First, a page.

Style
Where the runway meets the street

Thanks to the efforts of a Mr A. Graham, Stone Island is generating all sorts of hype over in the USA. Rappers and streetwear heads getting into the iconic Italian label big time, so much so that Drake got a ridiculous $100k diamond-encrusted Stone Island chain made for him by celebrity jeweler Ben Baller. There’s even been some hilarious e-beef between A$AP Nast and Travis Scott on who got into the brand first.

While the brand may be a new addition to the American streetwear landscape, it’s been a permanent fixture in Europe since it was founded in the ’80s. All over the continent, you’ll find hardcore Stone Island fans, and the brand has a long and illustrious history in European street style — particularly in the terrace casual scene. As Supreme can tell you, one unfortunate side-effect to immense popularity is an immense amount of counterfeits being made in your name.

Just recently, we’ve highlighted some of the fake gear that can be found in places as far removed as Jamaica, Nigeria and Moscow. Now, we’re turning our gaze to the murky world of online shopping — particularly the second-hand market — where it’s not quite so clear whether the object of your desire is legit or not. There’s a lot of phony gear out there being sold, often at highly suspicious prices. Basically, cheap Stone Island = fake Stone Island.

We linked with a couple of hardcore fans of Stone Island (or “Stoney” as it’s affectionately known in the UK) to get the low-down on how much counterfeit gear is out there, and how to spot a fake when you see it.

Ollie Evans founded Too Hot Limited, a showroom that sells rare pieces from brands popular in the ’90s casual and rave scenes — think FILA, Iceberg, Napapijri, Prada and Moschino. Stoney plays a big part in Too Hot’s curation.

Lyle Cross runs Garm Shack, a wide-ranging seller of vintage gear from brands like Tommy Hilfiger, Polo, Champion, Nike and the like. Plus plenty of Stone Island, of course.

By the way, a while ago we sent a Stone Island nut to interview Lorenzo Osti, son of the brand’s founder, Massimo.

The Low-Down

oldskoolanthemz.com

Ollie Evans, Too Hot Limited: “There’s a lot of fake Stone Island out there, from all eras — all the way back to the ’80s. In the UK one of the most common fakes is the ‘Raso Tomato,’ a copy of a genuine jacket from around 2004 which used a Stone Island technology called Raso Gommato — a rubberized coating applied to the lining of a jacket. These fakes never had a rubberized lining, but they had the Raso Gommato branding.

Whoever made this jacket must have manufactured thousands and thousands of them, as you still see so many of them around — I’ve seen people who really should know better wearing them.”

Lyle Cross, Garm Shack: “There’s loads of fakes! Mainly spread about on eBay, Facebook marketplaces, Depop, and street markets…that kinda thing. The most commonly faked items are Raso Gommato jackets, Micro Reps jackets, tracksuits (normally those have two badges — which is a dead giveaway), polo tops and tees.”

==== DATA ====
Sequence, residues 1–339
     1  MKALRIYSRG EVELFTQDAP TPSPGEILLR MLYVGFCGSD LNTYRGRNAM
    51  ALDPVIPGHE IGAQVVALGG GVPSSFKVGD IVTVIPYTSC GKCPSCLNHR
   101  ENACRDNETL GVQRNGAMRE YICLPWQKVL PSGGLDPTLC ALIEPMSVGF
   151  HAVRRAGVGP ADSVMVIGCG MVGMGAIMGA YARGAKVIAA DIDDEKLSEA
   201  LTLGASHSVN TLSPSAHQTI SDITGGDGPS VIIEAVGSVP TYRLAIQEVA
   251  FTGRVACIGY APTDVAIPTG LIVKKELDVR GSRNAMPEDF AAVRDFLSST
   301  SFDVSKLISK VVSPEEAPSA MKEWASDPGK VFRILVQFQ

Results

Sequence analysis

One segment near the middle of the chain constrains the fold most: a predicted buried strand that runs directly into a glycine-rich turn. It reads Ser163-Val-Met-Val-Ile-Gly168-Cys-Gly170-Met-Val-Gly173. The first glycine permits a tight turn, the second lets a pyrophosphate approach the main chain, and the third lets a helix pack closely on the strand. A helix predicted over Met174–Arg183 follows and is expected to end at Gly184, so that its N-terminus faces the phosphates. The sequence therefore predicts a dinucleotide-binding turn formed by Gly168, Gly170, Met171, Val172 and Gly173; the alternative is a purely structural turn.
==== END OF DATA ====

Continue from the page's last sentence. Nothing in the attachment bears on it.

Check the Buttons

Too Hot Limited

Ollie: “There are few ways you can look out for fakes, I tend to find looking at the buttons is the easiest. All the sleeve buttons on Stone Island jackets made after 1986 have a cross in the centre of them, as opposed to four holes which you see on a lot of the older fakes.

Too Hot Limited

Nowadays the counterfeiters have cottoned-on to the button detail, so look at the back of the buttons — if it’s legit there will be a small indent which they often miss off.”

…and the Label

Too Hot Limited

Ollie: “You can also look at the labels, but sometimes that can be less conclusive. A lot of people think if it’s got an art number on the label it’s legit but this is definitely not the case. Fakers have been replicating art numbers for years. What you can look out for is the country of origin, which should be Italy, Romania, or in some cases Tunisia. More often than not the fakes pieces do not have a country of origin at all.”

Lyle: “Check the Art number on the wash label, unless it’s a proper vintage piece (before 1986). See my blog for more on art numbers as there is a lot on the Art no. Plus it is one of the best things to use to spot fakes if you are unsure. The majority of fakes will have 222 at the end of the art number.”

Note: Stone Island has added a scannable QR code to the labels of newer garments: more on that later.

The Stone Island Badge Is Key

Too Hot Limited

Ollie: “You can also spot fakes badges quite easily, when you know what to look for. Every genuine Stone Island badge, except those from 1982-4, features a single drop stitch from the button eyelid down to the border.”